Washington, for all of its assurances that it has blocked every path to a nuclear Iran, has done little to block the pathway to a devastating regional conflict.
As senior Israeli officials have told me in private conversations repeatedly since 2013, the winds of war are blowing in Lebanon. As one told me this summer, Israel's military and defense establishment knows that the next conflict with Hezbollah "could get ugly." The Lebanese terrorist group now has 100,000 rockets -- mostly supplied by Iran and many of them with advanced capabilities -- pointing south at Israel. Hassan Nasrallah, the group's leader, boasted earlier this year that Hezbollah is not afraid of the next skirmish. He's likely feeling even more confident now that sanctions relief granted to Iran through July's nuclear deal is almost certainly going to trickle down to Hezbollah, enabling arms purchases that will make the group that much more formidable.
The new Israeli defense doctrine, released this summer, warns of a brutal conflict that could depopulate Southern Lebanon. Hezbollah dismissed it as psychological warfare, but the Lebanese public is understandably concerned. They have warned Hezbollah against darkening Israel's skies with its rockets. They remember too well the Israeli reprisals in 2006, which caused billions of dollars in damage. But what the Lebanese public may not realize is that it's too late. A great many of Hezbollah's launchers are now strategically placed in high-density population areas to ensure that an Israeli response causes unspeakable civilian casualties, but valuable public relations victories for Hezbollah.
Some analysts say Hezbollah can't afford another battle because it is drowning in its own blood in Syria. Indeed, up to 8,000 Hezbollah fighters are defending the Bashar al-Assad regime against Sunni militants, and an estimated 1,000 Hezbollah fighters have been killed in action.
But their sacrifice is not only for the sake of Assad. Quietly, Hezbollah has beencloning itself in Syria, establishing fighting forces there to target Israel. So, if Hezbollah wishes to wage war against Israel from Syria, it may do so from this new front, while dragging Israel into an unwanted conflict with a range of other actors fighting there, including the Islamic State and the Nusra Front, and a seemingly endless list of other jihadi factions.
In recent weeks, the White House has handed down financial sanctions against a number of Hezbollah targets. These measures were likely meant to placate an angry Congress, which never had a chance to debate the deal, let alone influence its terms. But these designations will do little to constrain Hezbollah's financial flows. At best, they are name and shame operations. It's not as if the Lebanese terror groups were about to open bank accounts in Manhattan.
While Netanyahu refused to discuss the question of Israeli military needs during the Congressional debate over the nuclear deal (for fear of losing what little leverage he had to alter the outcome of the vote) those discussions will soon resume. Israel will request more Iron Dome batteries, which can knock hurtling Hezbollah rockets from the sky. Other advanced weaponry will undoubtedly be part of the equation.
But as history will attest, arming Israel is no deterrent to Hezbollah or any of Iran's other proxies. True deterrence can only be established by instilling a healthy fear of future conflict.
There is no better deterrent than the use of overpowering military force. But this is something that Israel would like to avoid, given the devastation that is all but guaranteed in the next conflict. While Israel is likely to defeat Hezbollah, it would come at a terrible price. The group's 100,000 rockets will yield devastation not seen since the 1973 Yom Kippur war.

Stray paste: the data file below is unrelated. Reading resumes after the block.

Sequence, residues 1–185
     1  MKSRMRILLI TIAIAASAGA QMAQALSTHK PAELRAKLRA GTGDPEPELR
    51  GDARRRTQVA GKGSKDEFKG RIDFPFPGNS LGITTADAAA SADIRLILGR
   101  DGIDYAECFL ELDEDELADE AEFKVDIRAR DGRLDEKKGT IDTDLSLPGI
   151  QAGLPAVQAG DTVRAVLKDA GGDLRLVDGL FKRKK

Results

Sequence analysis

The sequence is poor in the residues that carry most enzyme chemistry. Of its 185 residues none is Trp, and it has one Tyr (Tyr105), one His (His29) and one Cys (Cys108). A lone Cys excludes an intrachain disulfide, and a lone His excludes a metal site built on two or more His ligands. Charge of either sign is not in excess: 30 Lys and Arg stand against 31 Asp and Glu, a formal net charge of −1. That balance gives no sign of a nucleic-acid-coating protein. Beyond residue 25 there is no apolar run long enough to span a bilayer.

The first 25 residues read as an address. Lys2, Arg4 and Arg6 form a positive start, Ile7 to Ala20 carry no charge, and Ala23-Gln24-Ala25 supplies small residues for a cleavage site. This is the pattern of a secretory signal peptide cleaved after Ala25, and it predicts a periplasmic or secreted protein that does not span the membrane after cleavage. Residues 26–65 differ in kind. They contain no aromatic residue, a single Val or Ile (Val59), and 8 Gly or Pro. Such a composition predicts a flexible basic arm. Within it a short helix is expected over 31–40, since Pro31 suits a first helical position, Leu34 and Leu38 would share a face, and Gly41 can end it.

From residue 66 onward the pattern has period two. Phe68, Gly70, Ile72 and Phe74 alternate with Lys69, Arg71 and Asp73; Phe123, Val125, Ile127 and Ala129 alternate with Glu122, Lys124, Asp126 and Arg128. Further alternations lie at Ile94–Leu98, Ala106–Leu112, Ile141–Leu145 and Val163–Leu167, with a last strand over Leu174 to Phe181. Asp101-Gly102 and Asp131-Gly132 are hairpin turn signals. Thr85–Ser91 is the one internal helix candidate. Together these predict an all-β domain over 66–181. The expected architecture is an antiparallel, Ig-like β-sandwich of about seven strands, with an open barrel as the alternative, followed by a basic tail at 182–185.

Some argue that Israel could benefit from a public agreement with the United States that offers it maximum flexibility and virtually unlimited rearmament in response to a Hezbollah provocation. But it will be difficult for the Obama Administration to honor one. When push comes to shove, in its desperation to defend the president's legacy and maintain détente with Tehran, the White House is likely to play down even Iran's most egregious proxy provocations. Indeed, it is in the interest of the president to not threaten any of Iran's core interests if the tradeoff is keeping Iran's nuclear ambitions in check. This, of course, was the very logic of the nuclear negotiators, and among the reasons the deal was so objectionable to its critics.
With little left to offer the Israelis in his waning presidency, Mr. Obama may have one interesting if controversial play: the United Nations. Of course, the UN has a terrible track record of preventing hostilities in South Lebanon. But it does have in the books a Security Council resolution that calls for Hezbollah to be disarmed. UNSCR 1701 predictably went unheeded, and its prospects for future implementation are laughable. But with the right players pushing for 1701's implementation, global pressure on Hezbollah could make the terrorist group more cautious. Moreover, should Hezbollah maintain its aggressive posture amidst renewed calls to disarm, Israel would arguably have the legal predicate it needs to respond to any provocations out of Lebanon, or even Syria.
But even this multilateral effort might be seen as too risky for the White House as it seeks to keep the Iran deal in place. A president that is so fearful of upsetting the delicate balance with Iran may, in fact, be among the more worrying aspects of the nuclear deal.
News reports indicate that increased financial flows to Hezbollah are already underway, and the group's military buildup continues. Without a plan to hinder Hezbollah, Mr. Obama's legacy could be a temporary halt to Iran's nuclear program but also a preventable war that brought devastation to both Lebanon and Israel, adding instability to an already-volatile Middle East.